Feedstuff evaluation

Feedstuff evaluation

86 cattle also has valuable information on the high protein content in the liveweight gains of Continental bulls, and the consequences for diet formu...

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cattle also has valuable information on the high protein content in the liveweight gains of Continental bulls, and the consequences for diet formulation. This book is highly recommended as a standard reference work that should be on every Agriculture Department's library shelves, whether College or University, and is also worth purchasing by professional ruminant nutritionists who operate overseas and are willing to take the time to study it carefully. G. ALDERMAN

Department of Agriculture, University of Reading, Reading RG6 2AT, UK

FEEDSTUFF EVALUATUON

FeedstuffEvaluation. Proceedings of the 50th Easter School in Agricultural Sciences, University of Nottingham. J. Wiseman and D.J.A. Cole (Editors). Butterworth, London, 1990. 456 pp., 25 papers, many tables and figures, £ 70.00, ISBN 0-408-049715. Over a decade has now passed since several new systems for the evaluation of the energy and protein requirements of ruminants were published (INRA, 1978; ARC, 1980; NKJ, 1985 ), and then implemented in a number of European countries. Such new systems generate demands for methods of measuring the nutritive value of feeds in the new units for energy and protein, which practising animal nutritionists need in their daily work. Much useful applied research on these parameters has now been published in specialist scientific journals. A review of these requirement systems in practice, the need for further progress, and the development work in analytical methods needed for their successful use, is therefore very timely. All this useful information is assembled here in one publication, and critically reviewed by competent authorities. The organisers of this Easter School have maintained their record for assembling international contributors of eminence in their particular field, making this publication one of the best it has been the reviewer's pleasure to read. There are some notable omissions from their list of authors, such as Van Es, who led this field of work in Europe throughout the 1970's, Sauvant of INRA, whose work on the chemical composition of raw materials and compound feeds deserves a wider audience, and there is no contribution from a German scientist. Feedstuff evaluation is not a glamorous research field in which to work, although calorimetry in the 1970's was the big science of its day. The principles of calorimetry for pigs and ruminants are described in a chapter by Close, and this is accompanied by one by McNab on Apparent and True ME measurements on poultry feeds. The opening chapter by Van der Honing and Steg is a masterly and detailed review of European energy systems for ruminants, well matched with one by Van Straalen and Tamminga on Protein Degrada-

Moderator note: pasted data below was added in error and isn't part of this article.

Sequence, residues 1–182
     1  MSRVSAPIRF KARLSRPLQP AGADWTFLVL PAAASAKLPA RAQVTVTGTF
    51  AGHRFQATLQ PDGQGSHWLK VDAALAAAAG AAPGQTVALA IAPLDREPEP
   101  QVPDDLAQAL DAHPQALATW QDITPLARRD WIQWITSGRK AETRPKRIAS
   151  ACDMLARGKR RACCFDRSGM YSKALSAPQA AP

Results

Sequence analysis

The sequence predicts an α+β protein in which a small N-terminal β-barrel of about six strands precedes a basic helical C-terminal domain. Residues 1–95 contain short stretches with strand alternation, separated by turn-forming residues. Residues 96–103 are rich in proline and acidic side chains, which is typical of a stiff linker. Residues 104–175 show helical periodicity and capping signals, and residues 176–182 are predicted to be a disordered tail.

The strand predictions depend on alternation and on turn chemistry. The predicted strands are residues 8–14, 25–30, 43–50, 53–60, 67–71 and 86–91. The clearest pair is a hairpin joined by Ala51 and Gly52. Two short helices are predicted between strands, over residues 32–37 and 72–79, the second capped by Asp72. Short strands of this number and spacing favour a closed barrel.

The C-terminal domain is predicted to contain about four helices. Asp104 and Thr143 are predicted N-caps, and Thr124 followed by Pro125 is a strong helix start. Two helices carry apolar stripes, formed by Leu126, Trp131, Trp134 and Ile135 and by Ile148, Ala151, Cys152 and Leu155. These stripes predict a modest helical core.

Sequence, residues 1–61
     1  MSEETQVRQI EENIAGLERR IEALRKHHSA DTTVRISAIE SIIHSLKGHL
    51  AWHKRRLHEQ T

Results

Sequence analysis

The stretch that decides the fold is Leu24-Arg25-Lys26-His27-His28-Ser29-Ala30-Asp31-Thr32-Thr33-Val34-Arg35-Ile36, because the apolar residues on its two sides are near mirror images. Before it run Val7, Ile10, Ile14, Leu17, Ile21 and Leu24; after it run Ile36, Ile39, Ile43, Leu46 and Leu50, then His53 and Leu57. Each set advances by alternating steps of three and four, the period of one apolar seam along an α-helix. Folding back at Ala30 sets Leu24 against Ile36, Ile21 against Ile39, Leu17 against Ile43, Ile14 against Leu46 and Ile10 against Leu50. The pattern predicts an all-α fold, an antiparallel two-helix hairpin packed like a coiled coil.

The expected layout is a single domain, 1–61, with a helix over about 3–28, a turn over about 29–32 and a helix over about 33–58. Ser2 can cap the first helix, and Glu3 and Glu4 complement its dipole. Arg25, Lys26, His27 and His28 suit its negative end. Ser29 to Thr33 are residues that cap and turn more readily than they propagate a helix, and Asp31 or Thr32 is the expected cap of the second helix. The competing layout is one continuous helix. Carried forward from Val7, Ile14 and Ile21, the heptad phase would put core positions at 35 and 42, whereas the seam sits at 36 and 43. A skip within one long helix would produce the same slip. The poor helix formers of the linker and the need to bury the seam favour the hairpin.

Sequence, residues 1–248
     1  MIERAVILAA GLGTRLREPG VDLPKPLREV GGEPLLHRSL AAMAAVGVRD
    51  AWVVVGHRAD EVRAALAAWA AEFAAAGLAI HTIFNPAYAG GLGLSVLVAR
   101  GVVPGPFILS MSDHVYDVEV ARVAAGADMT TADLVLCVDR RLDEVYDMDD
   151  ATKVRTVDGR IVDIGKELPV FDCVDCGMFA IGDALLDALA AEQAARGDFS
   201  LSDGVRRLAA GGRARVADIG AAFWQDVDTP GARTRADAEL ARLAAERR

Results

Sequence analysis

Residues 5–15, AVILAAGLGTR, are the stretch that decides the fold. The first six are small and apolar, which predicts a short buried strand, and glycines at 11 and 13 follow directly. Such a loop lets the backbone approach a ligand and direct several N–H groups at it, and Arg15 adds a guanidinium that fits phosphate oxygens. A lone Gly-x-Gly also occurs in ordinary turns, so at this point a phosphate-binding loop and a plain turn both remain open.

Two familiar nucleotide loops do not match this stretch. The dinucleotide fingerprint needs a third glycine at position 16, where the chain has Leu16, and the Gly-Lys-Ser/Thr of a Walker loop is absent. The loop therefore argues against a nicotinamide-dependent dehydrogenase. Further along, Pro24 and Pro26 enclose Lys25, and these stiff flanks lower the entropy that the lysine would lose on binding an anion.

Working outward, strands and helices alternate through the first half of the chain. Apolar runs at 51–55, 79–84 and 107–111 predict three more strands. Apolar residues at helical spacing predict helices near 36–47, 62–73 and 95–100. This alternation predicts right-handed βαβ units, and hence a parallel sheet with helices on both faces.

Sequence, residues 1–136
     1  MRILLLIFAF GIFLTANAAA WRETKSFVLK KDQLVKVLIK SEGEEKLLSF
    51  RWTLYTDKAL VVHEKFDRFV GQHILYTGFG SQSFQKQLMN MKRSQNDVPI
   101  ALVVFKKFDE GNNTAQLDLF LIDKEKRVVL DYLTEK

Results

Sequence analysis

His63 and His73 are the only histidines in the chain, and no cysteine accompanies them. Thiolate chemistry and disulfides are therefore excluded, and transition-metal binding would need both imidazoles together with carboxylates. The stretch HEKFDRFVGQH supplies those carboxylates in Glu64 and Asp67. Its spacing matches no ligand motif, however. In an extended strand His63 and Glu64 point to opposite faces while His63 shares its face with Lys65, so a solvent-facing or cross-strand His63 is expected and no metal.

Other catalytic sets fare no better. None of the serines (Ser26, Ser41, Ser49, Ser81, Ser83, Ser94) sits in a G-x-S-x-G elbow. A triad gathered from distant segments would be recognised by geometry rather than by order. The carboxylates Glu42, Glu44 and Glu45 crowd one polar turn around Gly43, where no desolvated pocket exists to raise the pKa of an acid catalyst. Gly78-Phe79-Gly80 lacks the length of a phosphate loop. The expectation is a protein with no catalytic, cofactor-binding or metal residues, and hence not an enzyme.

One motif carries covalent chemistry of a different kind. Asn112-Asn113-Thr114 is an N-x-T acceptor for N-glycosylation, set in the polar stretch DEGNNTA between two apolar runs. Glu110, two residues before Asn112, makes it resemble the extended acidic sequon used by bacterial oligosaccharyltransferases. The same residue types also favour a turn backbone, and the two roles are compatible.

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tion. The latter chapter includes tables of degradability values for numerous ruminant feeds in use in the manufacture of c o m p o u n d feeds. Since the fitted a, b and c parameters are also quoted, the data can be used to calculate degradability values for different outflow rates from the rumen from those tabulated. Oldham and Emmans contribute a closely argued critique of present feed evaluation systems, pointing out their weaknesses, the direction in which developments must go, and those currently taking place. The importance of the palatability and voluntary intake of feeds is not forgotten, as one of the key parameters that must accompany feeding standards. There follow several chapters on the chemical evaluation of polysaccharides, fats, minerals and vitamins in animal feeds, to match the protein evaluation chapter. To the practising animal nutritionist, the next four chapters are invaluable, since they deal with the prediction of the energy content of pig, poultry and ruminant feeds using in vitro or chemical analyses alone. The need for an EEC method for energy assessment of c o m p o u n d feeds for legislative purposes provided a much needed stimulus here, and valuable work has been published during the 1980's on these topics. Again, the work is reviewed by acknowledged experts in this field, although Carr6 and Batterham omit some work of importance in their reviews. The review of pasture evaluation by Thomas and Chamberlain completes this set of chapters admirably. Developments in chemical analysis are not overlooked, with a paper by Baker on Near Infra Red Reflectance methods of forage evaluation, as presently used by the U K Advisory Services. His colleagues Bailey and Henderson contribute a chapter on inter-laboratory variation, a much ignored subject of vital importance when results are compared between laboratories, or legal consequences ensue from their use. Accurate laboratory work is the foundation on which Tables of Feed Composition should be assembled, and Dutch and U K workers have collaborated to give a useful chapter on this problem. The volume concludes with contributions on toxic factors, residues, mycotoxins and animal pathogens which can be found in raw materials or manufactured feeds. As with other publications in this series, all papers are very fully referenced, giving the reader quick entry into the highly specialised literature of Feed Evaluation. Proofreading has not been quite up to standard in some chapters, but that apart, this volume is warmly recommended as a necessary standard reference for practising European animal nutritionists, and teachers of animal production courses. G. ALDERMAN

Department of Agriculture, University of Reading, Reading RG6 2AT, UK